Does body mass index and adult height influence cancer incidence among Chinese living with incident type 2 diabetes?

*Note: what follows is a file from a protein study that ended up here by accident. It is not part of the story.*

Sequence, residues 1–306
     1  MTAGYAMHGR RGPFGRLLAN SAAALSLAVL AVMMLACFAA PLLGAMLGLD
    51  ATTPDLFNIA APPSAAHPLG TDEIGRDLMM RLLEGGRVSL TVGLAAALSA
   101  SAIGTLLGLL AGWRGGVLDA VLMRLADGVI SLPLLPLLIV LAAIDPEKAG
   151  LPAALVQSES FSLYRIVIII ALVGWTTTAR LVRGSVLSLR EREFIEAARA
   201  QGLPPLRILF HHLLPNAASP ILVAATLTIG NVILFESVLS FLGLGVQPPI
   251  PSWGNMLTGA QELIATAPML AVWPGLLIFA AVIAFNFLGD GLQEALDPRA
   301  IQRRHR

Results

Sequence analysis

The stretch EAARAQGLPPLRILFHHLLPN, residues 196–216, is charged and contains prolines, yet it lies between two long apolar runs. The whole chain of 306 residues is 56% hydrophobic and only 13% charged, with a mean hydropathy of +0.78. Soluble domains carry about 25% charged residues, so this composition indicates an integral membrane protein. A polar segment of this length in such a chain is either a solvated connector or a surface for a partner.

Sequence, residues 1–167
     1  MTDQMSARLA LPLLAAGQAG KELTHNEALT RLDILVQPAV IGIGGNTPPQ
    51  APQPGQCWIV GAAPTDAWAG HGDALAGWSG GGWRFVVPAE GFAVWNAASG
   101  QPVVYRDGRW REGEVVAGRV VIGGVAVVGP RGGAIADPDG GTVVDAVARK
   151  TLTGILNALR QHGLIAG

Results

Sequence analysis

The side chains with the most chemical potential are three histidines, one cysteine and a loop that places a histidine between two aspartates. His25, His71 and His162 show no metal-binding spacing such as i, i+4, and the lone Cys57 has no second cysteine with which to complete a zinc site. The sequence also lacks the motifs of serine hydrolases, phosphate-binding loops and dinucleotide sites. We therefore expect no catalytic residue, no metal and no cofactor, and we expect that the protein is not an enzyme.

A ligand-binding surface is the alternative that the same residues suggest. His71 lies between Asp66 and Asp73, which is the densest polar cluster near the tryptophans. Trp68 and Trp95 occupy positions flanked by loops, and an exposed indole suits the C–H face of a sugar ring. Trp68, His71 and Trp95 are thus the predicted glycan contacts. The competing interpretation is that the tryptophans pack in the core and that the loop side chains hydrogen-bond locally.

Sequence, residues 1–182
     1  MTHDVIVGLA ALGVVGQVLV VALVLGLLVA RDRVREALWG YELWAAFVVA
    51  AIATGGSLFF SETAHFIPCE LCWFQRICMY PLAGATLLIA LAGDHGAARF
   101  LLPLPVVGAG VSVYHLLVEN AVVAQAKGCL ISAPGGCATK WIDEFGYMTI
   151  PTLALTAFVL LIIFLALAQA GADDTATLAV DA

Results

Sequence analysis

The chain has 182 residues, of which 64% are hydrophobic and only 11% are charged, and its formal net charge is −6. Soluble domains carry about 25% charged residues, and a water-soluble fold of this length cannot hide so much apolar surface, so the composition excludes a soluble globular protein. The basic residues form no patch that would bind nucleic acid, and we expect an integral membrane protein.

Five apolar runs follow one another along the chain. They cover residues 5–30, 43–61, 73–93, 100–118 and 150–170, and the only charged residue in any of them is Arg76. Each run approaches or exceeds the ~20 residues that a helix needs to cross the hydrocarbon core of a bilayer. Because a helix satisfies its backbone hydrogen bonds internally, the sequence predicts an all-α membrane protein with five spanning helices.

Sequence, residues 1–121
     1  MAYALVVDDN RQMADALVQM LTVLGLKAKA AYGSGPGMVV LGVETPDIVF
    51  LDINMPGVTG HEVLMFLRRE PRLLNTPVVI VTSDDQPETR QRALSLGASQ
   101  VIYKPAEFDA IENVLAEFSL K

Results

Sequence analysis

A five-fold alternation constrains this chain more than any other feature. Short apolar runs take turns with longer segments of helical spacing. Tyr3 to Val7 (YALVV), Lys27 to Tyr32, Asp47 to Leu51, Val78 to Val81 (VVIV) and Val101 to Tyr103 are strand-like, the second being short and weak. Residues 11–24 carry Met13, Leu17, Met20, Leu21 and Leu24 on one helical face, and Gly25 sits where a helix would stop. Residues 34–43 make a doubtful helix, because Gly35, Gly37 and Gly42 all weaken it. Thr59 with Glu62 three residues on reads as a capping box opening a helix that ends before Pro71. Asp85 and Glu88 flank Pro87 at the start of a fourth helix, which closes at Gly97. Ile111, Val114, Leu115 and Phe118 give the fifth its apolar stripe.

Background: We investigated the site-specific cancer incidence risks among participants living with newly diagnosed type 2 diabetes (T2D) in relation to body mass index (BMI) and height. Methods: The sample consisted of 25,130 participants living in Ningbo (China) who were newly diagnosed with T2D between 01/01/2006 and 12/31/2007 but without cardiovascular disease or cancer diagnoses at baseline. Follow-up of the sample was from 01/01/2008 to 12/31/2014. Cancer incidence stratified by BMI categories and quartiles of height were analyzed using standardized incidence ratios (SIR; the ratio of observed to the expected number of diagnosed cases) with 95% confidence intervals (95%CI). Results: Follow-up included 22,795 participants, 155,845 person-years and 1063 cancer diagnoses. Compared with the general population of Ningbo, SIRs of all-cancer were 2.19 (95% CI: 2.01-2.37) for males and 1.80 (95% CI: 1.64-1.96) for females. The all-cancer SIRs for participants in the normal BMI category was 1.13 (95% CI: 1.00-1.38). By comparison, the SIRs for the overweight and obese groups were 0.62 (95% CI: 0.26-0.95) and 0.35 (95% CI: 0.03-0.71), respectively. Besides, higher participants had higher all-cancer SIRs. For males, SIRs were 1.08 (95% CI: 0.88-1.27) and 2.41 (95% CI: 2.05-2.78) in the lowest and highest quartiles of height, respectively. For females, SIRs were 1.03 (95% CI: 0.72-1.35) and 2.01 (95% CI: 1.66-2.58) in the lowest and highest quartiles of height, respectively. Conclusion: In this sample of participants living with newly diagnosed T2D, cancer incidence was higher among those who were taller, but also lower among those with higher BMI.